So we’ve established problems with Suicide Squad that have been seen in previous DC Universe entries, yet one major problem that was extremely evident that I cannot say to have seen before is the unforgivable crass nature of the treatment of Margot Robbie’s Harley Quinn in the movie. Although Robbie herself is one of the few saving graces of the movie, with her kooky, crazy and yet sympathetic portrayal giving the first cinematic appearance of the character some form of justice, the way in which she is portrayed and wooed upon through costume design and camera angles is downright creepy. I can understand that the fundamentals of the character within the comics is one of a femme fetale nature, but to portray her in this fashion is just wrong on so many levels. Adding to the displeasure of the film is Jared Leto’s Joker, a character in which had so much exposure over the films’ tiresome advertisement campaign and then ultimately is in the film no more than five minutes, a decision so utterly stupid giving how much anticipation there was for the character that you don’t even get a full sense of Leto’s portrayal. Because of which, the jury is out when it comes to Leto. Who knows, if we get more than 5 minutes with him next time maybe he will be the definitive Joker? Doubt it.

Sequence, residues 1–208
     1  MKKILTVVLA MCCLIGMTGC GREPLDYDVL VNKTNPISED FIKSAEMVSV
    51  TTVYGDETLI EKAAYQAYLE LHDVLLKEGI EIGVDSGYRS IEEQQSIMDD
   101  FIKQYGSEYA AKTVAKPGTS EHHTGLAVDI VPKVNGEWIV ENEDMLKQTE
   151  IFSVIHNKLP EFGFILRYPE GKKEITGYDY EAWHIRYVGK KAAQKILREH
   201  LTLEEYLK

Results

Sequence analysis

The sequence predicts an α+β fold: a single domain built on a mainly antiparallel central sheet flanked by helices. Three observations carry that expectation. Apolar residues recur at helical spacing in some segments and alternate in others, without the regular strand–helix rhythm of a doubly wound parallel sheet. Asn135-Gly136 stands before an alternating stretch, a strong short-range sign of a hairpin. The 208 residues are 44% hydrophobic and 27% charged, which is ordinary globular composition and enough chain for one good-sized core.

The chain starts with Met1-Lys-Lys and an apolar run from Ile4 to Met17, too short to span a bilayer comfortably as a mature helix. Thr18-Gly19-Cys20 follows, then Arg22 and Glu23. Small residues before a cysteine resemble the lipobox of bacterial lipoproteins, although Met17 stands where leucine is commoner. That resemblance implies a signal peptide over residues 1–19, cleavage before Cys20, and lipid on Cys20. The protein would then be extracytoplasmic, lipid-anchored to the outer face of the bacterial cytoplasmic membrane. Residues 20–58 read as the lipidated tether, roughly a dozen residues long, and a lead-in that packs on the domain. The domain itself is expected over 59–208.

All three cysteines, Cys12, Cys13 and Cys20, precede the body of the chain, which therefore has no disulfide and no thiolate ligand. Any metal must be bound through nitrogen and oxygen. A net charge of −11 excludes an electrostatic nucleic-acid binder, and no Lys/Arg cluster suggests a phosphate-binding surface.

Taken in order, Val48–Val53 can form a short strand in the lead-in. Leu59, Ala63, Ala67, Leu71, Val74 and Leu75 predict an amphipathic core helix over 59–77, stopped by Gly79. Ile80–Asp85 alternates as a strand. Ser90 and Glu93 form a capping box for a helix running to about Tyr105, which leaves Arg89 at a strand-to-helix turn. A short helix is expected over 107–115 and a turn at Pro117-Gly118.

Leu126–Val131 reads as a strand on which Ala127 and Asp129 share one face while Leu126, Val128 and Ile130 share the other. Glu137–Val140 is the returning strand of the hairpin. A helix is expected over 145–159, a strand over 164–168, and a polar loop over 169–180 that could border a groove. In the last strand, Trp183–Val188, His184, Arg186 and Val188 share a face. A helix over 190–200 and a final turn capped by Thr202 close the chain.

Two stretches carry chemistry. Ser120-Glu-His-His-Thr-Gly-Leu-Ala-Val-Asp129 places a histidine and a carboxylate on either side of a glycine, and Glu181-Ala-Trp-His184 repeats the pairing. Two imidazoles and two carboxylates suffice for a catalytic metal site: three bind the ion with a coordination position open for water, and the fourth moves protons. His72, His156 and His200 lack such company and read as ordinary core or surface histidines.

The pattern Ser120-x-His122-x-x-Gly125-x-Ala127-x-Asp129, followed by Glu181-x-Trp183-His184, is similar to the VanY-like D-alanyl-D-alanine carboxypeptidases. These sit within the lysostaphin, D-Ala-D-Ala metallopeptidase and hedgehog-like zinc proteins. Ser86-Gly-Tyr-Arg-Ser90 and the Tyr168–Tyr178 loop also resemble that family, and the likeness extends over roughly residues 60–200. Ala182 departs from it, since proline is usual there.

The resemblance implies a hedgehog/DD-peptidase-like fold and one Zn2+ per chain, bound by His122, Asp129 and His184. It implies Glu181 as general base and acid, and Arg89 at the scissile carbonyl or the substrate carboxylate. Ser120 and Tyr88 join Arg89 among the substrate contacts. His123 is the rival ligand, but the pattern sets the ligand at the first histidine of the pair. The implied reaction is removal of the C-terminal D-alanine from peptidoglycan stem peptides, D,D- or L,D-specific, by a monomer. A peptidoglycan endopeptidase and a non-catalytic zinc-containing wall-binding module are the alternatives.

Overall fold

Overall, Suicide Squad is a slightly more enjoyable DC flick than Batman v Superman, but one that still has a wide range of problems inherent in the extended universe so far. Although Robbie is the standout, Smith also gives a good interpretation of Floyd Lawton/Deadshot, yet acting talent alone cannot prevent Suicide Squad from being yet another achingly poor showing from Warner Bros. With a soundtrack so bipolar following throughout and a sense of absence when it comes to a directorial stamping, Suicide Squad may indeed do well at the box office like its’ predecessors, but it still isn’t the film I, and probably many others, were indeed looking for. Marvel, it’s your batting next. Cumberbatch is calling.